DAF and Suez: a sustainable relationship


Photo copy: In Belgium, Suez also looks after the collection of waste for McDonalds. This is done by two DAF CF ‘Silent’ vehicles that drive all around the country, mostly at night, collecting the waste from the restaurants and separating it into seven different categories of waste

An anonymous office building on the outskirts of Brussels. Your average passer-by would never suspect that every day, in an office up on the seventh floor, people are working hard on the ‘raw materials revolution’. At least that is the name that the worldwide organisation Suez gives to its daily mission: the securing of raw materials for our future.

It is here, just outside Brussels, that you will find the Belgian division of Suez, a long-time client of DAF. DAF in Action is welcomed by Koen Van den Brande, Head of Marketing & Development. Van Den Brande’s enthusiasm is evident before we have even gotten past the coffee machine: “We developed this coffee cup together with one of our partners. It has a plastic layer that dissolves in the paper mulcher, meaning that the cardboard can be 100% recycled.” One thing is clear: sustainability runs deep at Suez.

Market leader

Van den Brande showers you with facts like they were confetti: “In Belgium we are the market leader with 25 centres for the collection, processing and recycling of waste. When I first started working here 25 years ago we were able to separate waste into thirty different categories. Today that number is 2,000. We are now able to recycle 89% of all waste and that includes the burning of waste to generate energy. It is an incredibly dynamic.” > 

800 trucks
 
In Belgium, Suez has a fleet of 800 vehicles that are used for a wide variety of purposes. The greatest single common factor between all of these vehicles is that they are all very different and far from your standard type of lorry: garbage trucks for the collection of domestic waste, trucks with skips, vehicles for transporting wheelie bins, tractor trailers and other vehicles for special tasks. A very large part of the vehicles in this fleet have the DAF badge on their grille.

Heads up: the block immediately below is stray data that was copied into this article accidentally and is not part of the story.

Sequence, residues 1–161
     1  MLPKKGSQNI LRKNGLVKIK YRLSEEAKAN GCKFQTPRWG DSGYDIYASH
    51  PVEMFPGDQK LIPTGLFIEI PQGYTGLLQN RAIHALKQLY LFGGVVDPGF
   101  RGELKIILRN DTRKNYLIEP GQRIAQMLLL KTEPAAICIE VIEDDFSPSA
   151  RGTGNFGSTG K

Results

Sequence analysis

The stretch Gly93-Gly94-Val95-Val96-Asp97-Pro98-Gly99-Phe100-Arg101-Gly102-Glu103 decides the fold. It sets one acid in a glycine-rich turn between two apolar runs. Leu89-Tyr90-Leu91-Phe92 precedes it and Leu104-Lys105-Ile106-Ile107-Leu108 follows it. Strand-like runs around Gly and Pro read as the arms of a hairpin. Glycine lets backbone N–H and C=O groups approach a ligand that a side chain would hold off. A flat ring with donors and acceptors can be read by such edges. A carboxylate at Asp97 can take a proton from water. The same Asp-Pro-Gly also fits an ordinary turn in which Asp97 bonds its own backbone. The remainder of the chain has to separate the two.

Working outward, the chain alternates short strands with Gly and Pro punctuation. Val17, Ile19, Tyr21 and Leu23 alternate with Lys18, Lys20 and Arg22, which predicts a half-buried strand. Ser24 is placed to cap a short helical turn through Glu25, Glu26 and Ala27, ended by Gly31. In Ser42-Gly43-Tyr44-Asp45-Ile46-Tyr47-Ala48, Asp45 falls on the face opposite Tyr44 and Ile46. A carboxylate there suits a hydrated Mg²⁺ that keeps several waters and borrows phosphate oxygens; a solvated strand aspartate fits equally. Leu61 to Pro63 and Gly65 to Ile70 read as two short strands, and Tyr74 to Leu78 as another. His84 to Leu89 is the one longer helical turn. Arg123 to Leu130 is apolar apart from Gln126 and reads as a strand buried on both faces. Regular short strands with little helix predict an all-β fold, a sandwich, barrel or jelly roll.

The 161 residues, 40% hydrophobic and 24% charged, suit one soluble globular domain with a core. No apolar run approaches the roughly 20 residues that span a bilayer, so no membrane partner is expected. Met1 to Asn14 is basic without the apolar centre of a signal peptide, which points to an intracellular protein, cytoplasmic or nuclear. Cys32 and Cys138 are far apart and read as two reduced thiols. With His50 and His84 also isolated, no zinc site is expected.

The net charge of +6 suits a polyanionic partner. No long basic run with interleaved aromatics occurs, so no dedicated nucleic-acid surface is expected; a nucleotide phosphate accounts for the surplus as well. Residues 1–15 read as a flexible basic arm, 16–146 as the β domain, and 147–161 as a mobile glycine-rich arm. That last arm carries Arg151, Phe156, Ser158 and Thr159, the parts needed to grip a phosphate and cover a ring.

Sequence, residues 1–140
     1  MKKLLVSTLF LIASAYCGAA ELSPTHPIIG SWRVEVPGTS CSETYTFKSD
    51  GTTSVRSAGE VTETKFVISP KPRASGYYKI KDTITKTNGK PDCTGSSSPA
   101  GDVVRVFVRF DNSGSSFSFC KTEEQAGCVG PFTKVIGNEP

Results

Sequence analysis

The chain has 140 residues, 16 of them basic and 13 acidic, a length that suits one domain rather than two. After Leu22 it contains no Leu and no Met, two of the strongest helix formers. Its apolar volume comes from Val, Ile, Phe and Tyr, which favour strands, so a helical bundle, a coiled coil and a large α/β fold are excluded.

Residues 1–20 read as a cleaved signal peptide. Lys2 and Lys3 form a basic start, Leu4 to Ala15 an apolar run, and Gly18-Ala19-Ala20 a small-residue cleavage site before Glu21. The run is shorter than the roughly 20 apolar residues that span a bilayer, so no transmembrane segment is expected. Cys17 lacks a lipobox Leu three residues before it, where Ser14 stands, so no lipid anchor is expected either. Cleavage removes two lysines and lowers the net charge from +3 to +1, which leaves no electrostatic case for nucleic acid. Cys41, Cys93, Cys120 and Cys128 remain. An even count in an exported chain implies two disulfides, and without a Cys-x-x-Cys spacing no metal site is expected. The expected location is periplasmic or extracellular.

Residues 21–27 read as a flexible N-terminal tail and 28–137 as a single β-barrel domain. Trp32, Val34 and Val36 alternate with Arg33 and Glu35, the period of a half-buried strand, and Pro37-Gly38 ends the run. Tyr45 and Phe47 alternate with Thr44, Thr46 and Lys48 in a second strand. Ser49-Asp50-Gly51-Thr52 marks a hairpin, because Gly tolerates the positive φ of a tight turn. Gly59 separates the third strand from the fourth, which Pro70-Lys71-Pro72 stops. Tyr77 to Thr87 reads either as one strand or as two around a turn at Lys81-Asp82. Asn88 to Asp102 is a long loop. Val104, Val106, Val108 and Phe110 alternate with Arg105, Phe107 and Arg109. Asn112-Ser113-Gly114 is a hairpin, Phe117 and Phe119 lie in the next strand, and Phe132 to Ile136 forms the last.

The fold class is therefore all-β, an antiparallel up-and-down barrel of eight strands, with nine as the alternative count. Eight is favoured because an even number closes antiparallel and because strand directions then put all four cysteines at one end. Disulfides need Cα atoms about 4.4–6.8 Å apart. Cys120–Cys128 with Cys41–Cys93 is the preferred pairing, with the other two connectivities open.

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Not easy
 
“Trucks don’t have it easy with us”, says Fleet Manager Benoit Dessart, who has just joined the conversation. “Our larger garbage trucks make around 120 stops a day. And the domestic waste lorries make around 3,000! Operational continuity is essential; you can’t leave a whole neighbourhood piled up with trash just because one of your trucks has broken  down.” > 
 
 
More than 25 years

“I’m not sure how long we’ve been using DAFs”, replies Benoit Dessart when asked. “More than 25 years anyway, because I’ve been working here that long. We chose DAF for a lot of different reasons. Firstly because of the aforementioned operational continuity, they are very reliable and never break
down unexpectedly on us. And our drivers love them too, particularly because of the comfortable cabin and the low footboard. Furthermore, DAF trucks can be ordered in all kinds of configurations: with or without selfsteering axle, automatic gearbox, AS-Tronic, you name it. The DAF chassis is extremely user-friendly, an essential feature when you have to deal with so many different kinds of configurations. Not to mention the benefits of an extensive dealer network.”
 
Fuel

Does fuel consumption play an important role in the purchasing process? “Of course”, replies Dessart. “But not so much in terms of the overall costs, because the total amount of kilometres driven each year is not all that high: around 30,000. In the Total Cost of Ownership it is maintenance that plays the more important role. And that is why we decided a few years ago to switch over to DAF MultiSupport Repair and Maintenance contracts. We now know the exact costs, right down to the last cent, and are always sure that we will have perfectly maintained trucks. All we have to concentrate on now in our own workshops is the body. The dealers look after all maintenance and repairs. They also give the drivers extensive theoretical and operational training when the trucks
are delivered.” ■


Suez and DAF: more than just trucks

DAF Trucks is not only a supplier to Suez, it is also one of its clients: Suez has been looking after the collection and processing of waste from the DAF cab and axle factory in the Belgian town of Westerlo for many years now. Since 2009 DAF has been adhering to its ‘Zero Waste to Landfill’ principle, meaning that none of its waste ends up in landfills. Suez plays an important role in the implementation of this policy.

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